If you have been struggling to lose weight, improve a relationship, find a new job or just have more fun, the answer may be in your mindset. Mindset is a concept developed over a decade ago by Stanford University psychologist Carol Dweck through her research to understand how people cope with failures. Dweck defines mindset as the view we adopt of ourselves and proved that it can profoundly affect how we live our lives. She found that people generally fall into two categories, those with a fixed mindset and those with a growth mindset. A “fixed” mindset suggests that our intelligence, ability and personality are carved in stone and do not change much over our lifetime. An example of this mindset might be “I am not athletic”” or “I am a math person” which suggest that these traits can’t change. The downside to a “fixed” mindset is these kinds of beliefs limit personal growth. By contrast, a “growth” mindset suggests that individuals have basic abilities but can develop and cultivate these and other abilities or intelligence and talents through effort and strategies. This view allows for potential to grow and opens us to greater possibility and success. Adopting a growth mindset can improve all areas of life from personal to professional. Changing from a fixed mindset to a growth can be accomplished through three steps.
As the summer approaches, many begin to think about bath suit season and losing weight. If you are trying to lose weight for whatever reason, you are not alone. Gallup estimates that 51% of adults in America are trying to lose weight and 68% are considered overweight or obese. For those who are attempting to lose weight, dieting can be frustrating when the numbers on the scale are not moving. At times, even with strict adherence to a weight loss plan losing or maintaining weight can be a struggle. Many factors other than reducing calorie intake and adding exercise can affect weight loss and some are little known. Changing these factors will help with lasting success.
When to Say When – April is Alcohol Awareness Month
If you are like 7 in 10 adults in our country, you might enjoy a glass of wine or a cocktail to celebrate, socialize or as a way of relaxing. It’s virtually impossible to watch a sporting event on television without viewing multiple advertisements about how much fun revolves around the consumption of a variety of different alcoholic beverages. According to the Mayo Clinic, a moderate amount of alcohol has even been shown to have certain health benefits such as reducing the risk of heart disease or a stroke However, statistics show that approximately 3 in 10 adult’s consumption is considered “high risk” and may to alcoholism, liver disease and other problems including legal, financial and social. Addiction has recently been in the national spotlight and is one of the leading health issues we face today. April is Alcohol Awareness Month, established in 1987 by the National Council on Alcohol and Drug Dependence to help increase awareness and understanding about alcohol related issues and reduce the stigma associated with alcoholism. Because alcohol is socially accepted and prevalent, the health and social problems are sometimes minimized. What we now know is bringing addiction into the light can help those who have been struggling with the shame and stigma of the disease find recovery.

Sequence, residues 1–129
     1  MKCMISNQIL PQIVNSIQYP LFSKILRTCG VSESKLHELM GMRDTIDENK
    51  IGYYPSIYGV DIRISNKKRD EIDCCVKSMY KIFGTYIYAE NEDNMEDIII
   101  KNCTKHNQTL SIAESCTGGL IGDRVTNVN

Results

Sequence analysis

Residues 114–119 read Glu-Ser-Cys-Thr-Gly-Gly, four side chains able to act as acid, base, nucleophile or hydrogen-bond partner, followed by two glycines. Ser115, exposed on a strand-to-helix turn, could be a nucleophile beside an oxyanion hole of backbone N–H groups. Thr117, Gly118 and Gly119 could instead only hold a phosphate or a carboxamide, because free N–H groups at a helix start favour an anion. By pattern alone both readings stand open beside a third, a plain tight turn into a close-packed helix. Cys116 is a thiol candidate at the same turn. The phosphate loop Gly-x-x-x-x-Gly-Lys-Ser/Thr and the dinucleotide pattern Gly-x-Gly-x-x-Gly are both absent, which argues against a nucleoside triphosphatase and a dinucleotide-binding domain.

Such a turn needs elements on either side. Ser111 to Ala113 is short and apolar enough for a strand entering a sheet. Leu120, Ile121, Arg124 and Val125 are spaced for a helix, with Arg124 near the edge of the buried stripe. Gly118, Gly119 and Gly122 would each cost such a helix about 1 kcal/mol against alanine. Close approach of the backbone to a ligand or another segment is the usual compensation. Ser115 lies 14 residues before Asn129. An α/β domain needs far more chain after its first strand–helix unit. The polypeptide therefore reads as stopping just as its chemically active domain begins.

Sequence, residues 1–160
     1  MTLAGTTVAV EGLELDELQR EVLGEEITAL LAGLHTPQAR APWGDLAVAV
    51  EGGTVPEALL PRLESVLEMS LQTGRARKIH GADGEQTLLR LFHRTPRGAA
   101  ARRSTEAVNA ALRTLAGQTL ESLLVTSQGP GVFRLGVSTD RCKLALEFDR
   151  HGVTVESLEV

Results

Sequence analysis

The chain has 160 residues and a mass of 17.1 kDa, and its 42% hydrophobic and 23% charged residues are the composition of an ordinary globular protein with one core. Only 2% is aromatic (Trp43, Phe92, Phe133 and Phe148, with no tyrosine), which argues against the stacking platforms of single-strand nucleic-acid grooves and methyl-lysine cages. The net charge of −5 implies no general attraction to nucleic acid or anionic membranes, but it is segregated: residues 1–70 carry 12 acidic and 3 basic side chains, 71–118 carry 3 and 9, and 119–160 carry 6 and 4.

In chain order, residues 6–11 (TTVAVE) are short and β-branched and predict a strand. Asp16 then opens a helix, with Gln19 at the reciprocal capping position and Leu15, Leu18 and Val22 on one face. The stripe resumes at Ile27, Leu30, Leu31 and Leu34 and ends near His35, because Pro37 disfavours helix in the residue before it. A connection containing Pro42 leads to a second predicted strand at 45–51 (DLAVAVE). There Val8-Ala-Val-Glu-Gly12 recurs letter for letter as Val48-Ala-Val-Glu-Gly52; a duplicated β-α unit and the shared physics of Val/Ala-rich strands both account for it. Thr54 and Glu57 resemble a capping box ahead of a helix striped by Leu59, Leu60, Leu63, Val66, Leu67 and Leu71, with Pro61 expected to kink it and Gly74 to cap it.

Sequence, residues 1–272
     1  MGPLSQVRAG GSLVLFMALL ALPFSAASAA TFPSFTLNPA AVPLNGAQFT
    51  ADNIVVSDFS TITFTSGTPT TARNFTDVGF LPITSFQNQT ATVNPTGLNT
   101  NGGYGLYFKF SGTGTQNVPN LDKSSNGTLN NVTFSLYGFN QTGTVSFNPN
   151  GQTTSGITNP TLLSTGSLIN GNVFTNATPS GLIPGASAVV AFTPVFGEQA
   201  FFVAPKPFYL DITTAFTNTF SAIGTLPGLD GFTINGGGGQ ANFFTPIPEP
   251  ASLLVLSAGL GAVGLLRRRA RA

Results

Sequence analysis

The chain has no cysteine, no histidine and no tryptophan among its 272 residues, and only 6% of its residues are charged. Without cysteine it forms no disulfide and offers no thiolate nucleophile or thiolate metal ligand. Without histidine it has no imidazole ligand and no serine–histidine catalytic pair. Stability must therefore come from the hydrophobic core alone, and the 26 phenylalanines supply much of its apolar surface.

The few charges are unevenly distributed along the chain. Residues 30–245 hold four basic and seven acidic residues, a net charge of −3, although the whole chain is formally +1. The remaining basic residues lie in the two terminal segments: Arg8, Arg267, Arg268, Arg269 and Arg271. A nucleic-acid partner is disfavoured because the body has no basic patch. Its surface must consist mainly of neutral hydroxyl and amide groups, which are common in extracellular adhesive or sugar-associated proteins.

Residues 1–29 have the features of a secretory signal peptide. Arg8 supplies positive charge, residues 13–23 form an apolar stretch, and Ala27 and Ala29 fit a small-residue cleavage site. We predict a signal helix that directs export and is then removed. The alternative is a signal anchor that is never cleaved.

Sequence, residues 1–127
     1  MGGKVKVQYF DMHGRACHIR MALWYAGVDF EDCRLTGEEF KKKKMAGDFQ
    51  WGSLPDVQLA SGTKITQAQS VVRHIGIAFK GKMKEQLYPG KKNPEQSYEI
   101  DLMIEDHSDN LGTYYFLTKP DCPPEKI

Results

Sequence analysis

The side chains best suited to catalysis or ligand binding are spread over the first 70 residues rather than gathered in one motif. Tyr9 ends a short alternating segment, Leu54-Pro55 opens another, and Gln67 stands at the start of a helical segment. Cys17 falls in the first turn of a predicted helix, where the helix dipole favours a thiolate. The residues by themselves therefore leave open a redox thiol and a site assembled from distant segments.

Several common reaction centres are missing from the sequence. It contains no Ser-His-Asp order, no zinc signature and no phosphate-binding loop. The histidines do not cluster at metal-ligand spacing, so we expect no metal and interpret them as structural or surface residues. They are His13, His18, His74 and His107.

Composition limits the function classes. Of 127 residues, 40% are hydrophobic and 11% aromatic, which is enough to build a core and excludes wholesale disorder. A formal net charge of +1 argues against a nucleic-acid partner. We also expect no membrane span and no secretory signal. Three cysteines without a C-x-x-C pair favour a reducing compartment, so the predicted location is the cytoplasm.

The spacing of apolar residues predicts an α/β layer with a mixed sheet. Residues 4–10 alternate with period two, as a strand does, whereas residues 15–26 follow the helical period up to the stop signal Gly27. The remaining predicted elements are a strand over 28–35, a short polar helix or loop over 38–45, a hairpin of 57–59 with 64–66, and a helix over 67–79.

Have you ever sat down to work on an important task only to find yourself spending time on Facebook, checking emails or even cleaning up your desk? If so you are not alone! In fact, March marks the month of National Procrastination Week, a holiday “celebrating” delaying what we need to do. While occasional procrastination can help us relax if we are pushing too hard, it is generally a habit that is destructive and can cause missed deadlines, poor performance, financial troubles and increased stress. Procrastination is the act of delaying or putting off a task that we need to accomplish.
On Valentine’s Day, we are surrounded by images of hearts, cupids and suggestions of ideal love. Studies of happiness have revealed that one of the most critical keys to happiness is healthy, positive relationships. Unfortunately, many struggle with finding or keeping romantic relationships alive and as a result are unhappy. In fact, one of the most common New Year’s Resolutions is to improve relationships. The good news is that if improving relationships is a goal for you, there are several ways to begin to make changes.
Happy New Year! Each year 45% of Americans make New Year’s Resolutions yet only 8% are actually successful in achieving their goal. The most popular resolutions are related to weight, finances, relationships and self-improvement. Often these goals become only a wish because there is no clear plan to achieve them. A successful plan needs to take into account how to manage obstacles and setbacks, and where to find support. In addition, a successful plan must be flexible to avoid the “all or nothing” feeling that sabotages many resolutions.
Start With a Clear Goal
There are many factors involved in creating a plan to reach your goal. Commitment to the goal is a first step. When committing to making a change it is helpful to ask these questions.
• If I achieve this goal, how will I benefit? Be as specific as possible – better health, appearance, less stress, improved relationships, financial benefit.
• Why now? Many people use external deadlines to start making a change. This might work but be clear why this is the right time to start.
• What are the pros and cons of making the change? For example, if I stop drinking I will feel better but I will not be able to meet my friends for happy hour.